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 IU Trident Indiana University

UITS Research Technologies

Cyberinfrastructure enabling research and creative activities

About Big Red and IU’s advanced cyberinfrastructure

  • Researchers using Big Red have led IU in securing more than in $253 million in grant funding since 2006.
  • Big Red is now considered old by supercomputer standards. When it retires in early 2013, Big Red will have been IU’s main supercomputer for nearly seven years. Normally, a supercomputing system stays in operation only four or five years. We are at a time when we have to replace Big Red, or risk a hardware failure that might disrupt critical IU research.
  • Big Red II will be unique among university-owned supercomputers, given its one petaFLOPS peak operating rate, advanced internal network, and capabilities for handling big data challenges.
  • Over the past 15 years, IU has made significant investments in its high-performance computing resources, resulting in a number of “firsts.” In 2001, IU’s Research SP was the first university-owned supercomputer capable of one teraFLOPS processing capability – a trillion mathematical operations per second. In 2003, IU claimed the first distributed Linux cluster achieving more than one teraFLOPS on standard benchmark applications. In 2006, Big Red was the fastest academic supercomputer in the western hemisphere.
  • Big Red II will be more than 25 times faster than the original Big Red. Big Red II, which will have more than 21,000 computer processor cores, will succeed Big Red, which has 4,096. Since joining IU’s computing arsenal, Big Red has run more than 3 million computing jobs, using more than 125 million hours of computer processor time. Its speed has enabled research in medicine, biology, bioinformatics, chemistry, astronomy, physics, geography, climate studies, informatics, network science, sociology, and public health.
  • With an internal network that is advanced, fast, and high-bandwidth, Big Red II will open up new research possibilities – particularly in “Big Data” – that IU was simply not able to support before. Some conversion work will be necessary for those well served by Big Red and its predecessors, but Big Red II has a “cluster compatibility mode” and is based on AMD processors that are compatible with commodity Intel processors (such as those in the Quarry Cluster).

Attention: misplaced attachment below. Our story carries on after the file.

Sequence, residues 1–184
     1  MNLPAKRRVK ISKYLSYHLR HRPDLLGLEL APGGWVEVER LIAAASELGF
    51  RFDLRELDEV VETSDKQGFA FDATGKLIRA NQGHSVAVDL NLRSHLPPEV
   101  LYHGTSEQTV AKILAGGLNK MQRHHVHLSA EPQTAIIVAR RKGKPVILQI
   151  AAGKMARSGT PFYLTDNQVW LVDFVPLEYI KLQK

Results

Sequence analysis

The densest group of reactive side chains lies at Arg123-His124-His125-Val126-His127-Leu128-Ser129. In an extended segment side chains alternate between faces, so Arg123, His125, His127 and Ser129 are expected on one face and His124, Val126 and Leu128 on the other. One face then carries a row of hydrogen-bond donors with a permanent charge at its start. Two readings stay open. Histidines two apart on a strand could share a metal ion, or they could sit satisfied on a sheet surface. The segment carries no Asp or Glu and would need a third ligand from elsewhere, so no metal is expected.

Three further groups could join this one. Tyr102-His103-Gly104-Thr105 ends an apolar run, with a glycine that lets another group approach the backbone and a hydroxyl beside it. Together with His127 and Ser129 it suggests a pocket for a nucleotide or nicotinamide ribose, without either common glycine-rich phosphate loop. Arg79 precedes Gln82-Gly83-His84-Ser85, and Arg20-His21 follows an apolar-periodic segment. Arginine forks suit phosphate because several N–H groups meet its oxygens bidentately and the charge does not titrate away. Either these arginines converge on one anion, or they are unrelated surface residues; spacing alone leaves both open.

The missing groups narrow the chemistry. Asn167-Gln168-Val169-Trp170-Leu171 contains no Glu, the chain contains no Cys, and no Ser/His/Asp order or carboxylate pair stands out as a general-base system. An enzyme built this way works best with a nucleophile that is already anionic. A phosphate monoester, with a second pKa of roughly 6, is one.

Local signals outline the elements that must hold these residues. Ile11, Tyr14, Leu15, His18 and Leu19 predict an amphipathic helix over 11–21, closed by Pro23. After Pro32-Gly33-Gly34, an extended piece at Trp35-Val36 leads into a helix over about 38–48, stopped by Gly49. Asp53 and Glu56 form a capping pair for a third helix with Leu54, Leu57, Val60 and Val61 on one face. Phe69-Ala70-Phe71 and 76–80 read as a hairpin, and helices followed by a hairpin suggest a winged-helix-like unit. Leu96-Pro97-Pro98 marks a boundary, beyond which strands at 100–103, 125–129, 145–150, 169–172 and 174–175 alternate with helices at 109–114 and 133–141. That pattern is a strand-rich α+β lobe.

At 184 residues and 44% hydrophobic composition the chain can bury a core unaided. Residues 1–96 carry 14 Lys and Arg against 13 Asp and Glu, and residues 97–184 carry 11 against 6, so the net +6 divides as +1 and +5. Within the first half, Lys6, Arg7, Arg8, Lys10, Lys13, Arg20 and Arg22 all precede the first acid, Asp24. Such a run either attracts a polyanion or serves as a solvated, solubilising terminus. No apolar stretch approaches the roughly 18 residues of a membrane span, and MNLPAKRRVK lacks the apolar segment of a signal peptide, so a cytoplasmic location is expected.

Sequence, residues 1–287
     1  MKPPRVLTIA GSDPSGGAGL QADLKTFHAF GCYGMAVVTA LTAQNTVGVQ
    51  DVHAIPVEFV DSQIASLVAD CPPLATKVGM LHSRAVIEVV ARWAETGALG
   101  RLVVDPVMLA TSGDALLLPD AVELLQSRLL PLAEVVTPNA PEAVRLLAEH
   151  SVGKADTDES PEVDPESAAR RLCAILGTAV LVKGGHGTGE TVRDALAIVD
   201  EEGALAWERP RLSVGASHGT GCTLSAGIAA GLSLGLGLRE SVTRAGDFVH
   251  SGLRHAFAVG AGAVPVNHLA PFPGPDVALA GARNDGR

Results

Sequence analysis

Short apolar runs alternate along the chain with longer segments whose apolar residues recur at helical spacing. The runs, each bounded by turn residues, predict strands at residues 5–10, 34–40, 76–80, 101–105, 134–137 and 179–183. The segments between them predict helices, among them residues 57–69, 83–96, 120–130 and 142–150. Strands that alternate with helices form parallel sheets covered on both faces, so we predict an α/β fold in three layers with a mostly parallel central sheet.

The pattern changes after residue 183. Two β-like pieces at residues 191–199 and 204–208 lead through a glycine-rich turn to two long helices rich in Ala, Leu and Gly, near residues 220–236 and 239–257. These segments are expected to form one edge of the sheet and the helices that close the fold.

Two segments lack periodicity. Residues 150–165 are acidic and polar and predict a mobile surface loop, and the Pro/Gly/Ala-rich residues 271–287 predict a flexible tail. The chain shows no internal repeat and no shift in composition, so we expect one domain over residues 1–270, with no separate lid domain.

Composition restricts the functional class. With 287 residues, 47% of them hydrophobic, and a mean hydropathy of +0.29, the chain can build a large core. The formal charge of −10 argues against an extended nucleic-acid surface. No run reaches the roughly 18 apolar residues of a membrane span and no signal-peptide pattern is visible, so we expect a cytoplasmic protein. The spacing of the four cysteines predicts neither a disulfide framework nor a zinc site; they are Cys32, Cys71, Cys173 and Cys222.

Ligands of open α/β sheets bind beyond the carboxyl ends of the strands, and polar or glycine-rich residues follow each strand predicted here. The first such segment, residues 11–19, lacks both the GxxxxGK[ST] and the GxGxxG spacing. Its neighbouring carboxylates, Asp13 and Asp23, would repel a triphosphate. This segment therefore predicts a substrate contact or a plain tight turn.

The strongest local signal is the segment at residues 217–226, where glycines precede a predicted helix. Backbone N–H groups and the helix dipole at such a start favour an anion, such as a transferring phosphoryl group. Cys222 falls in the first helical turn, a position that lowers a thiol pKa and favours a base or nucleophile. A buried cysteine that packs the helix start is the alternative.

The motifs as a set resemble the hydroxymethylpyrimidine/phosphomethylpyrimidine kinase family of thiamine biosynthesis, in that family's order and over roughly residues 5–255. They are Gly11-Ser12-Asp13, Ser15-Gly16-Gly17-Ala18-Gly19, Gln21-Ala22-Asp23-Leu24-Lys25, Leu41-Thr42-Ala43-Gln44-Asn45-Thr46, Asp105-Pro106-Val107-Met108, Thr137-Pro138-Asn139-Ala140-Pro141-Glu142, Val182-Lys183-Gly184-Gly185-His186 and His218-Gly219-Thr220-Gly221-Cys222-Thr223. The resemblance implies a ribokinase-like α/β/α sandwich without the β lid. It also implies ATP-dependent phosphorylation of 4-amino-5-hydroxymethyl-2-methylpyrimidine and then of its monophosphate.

• Quarry will remain IU’s primary parallel computing cluster. While much smaller than Big Red II, Quarry will serve as a ‘condominium computing’ environment for IU, allowing continued consolidation of IU departmentally owned computing systems into the highly secure and energy efficient IU Bloomington Data Center. Condominium computing lets departments use grant and departmental funding to purchase computer nodes and install them as part of the Quarry cluster. This has several benefits: professional management, backups, and security; availability within minutes; expanded computing capability for the entire IU community; and conservation of natural resources and energy.
  • Big Red II is an investment that will pay for itself many times over in terms of economic development in Indiana. IU researchers who use Big Red have secured grant funding that totals more than 25 times what it cost to build Big Red. We expect similar or greater returns on IU’s investment in Big Red II.
  • Since IU purchased Big Red, two high-tech companies and a new venture capital company have opened offices in Bloomington.  IU supercomputers, paired with the expertise of the School of Informatics and Computing, are the base on which this local economy grows. In the long run, one of the best things IU can do is to help the Indiana economy grow through innovative uses of advanced technology and adaptations to 21st century global economic competition.
  • There are a few bigger supercomputers than Big Red II, but none of them are owned and operated by an American university. The Blue Waters system, which is being installed at the University of Illinois at Urbana-Champaign, will be about 10 times bigger – but a national review panel will allocate it, highly restricting its use. At IU, any member of the university community involved in research – from a freshman to a distinguished professor – will receive access to Big Red II. 
  • FLOPS, or floating-point operations per second, are a measure of computing performance. As a one petaFLOPS peak supercomputer, Big Red II will process a thousand trillion operations per second. If you performed one calculation per second with a calculator, it would take you 31.7 million years to do what Big Red II can do in a second.
  • While cloud computing will have a role in IU’s research computing strategy, research performed on Big Red II simply cannot be done in cloud facilities. Cloud computing is great for scientific applications that take just a single computer processor, but cloud facilities do not have the sort of internal communication and data movement capabilities that Big Red II will have.
  • In “supercomputer years,” Big Red is 150 or so. Large supercomputers take months to build, install, and test. As they age, they tend to suffer hardware failures, which can be dramatic – even catastrophic – if a supercomputer is kept in operation too long. A dramatic Big Red failure, without a replacement on the way, could critically damage IU research progress and risk the ability of IU researchers to meet commitments to federal funding agencies.
  • We expect to operate Big Red II for five or six years, perhaps with a refresh of its internal processors during its lifetime. IU has excellent systems administration staff. By buying early and monitoring changing trends in technology, IU often stretches the useful life of a supercomputer more than our peer institutions.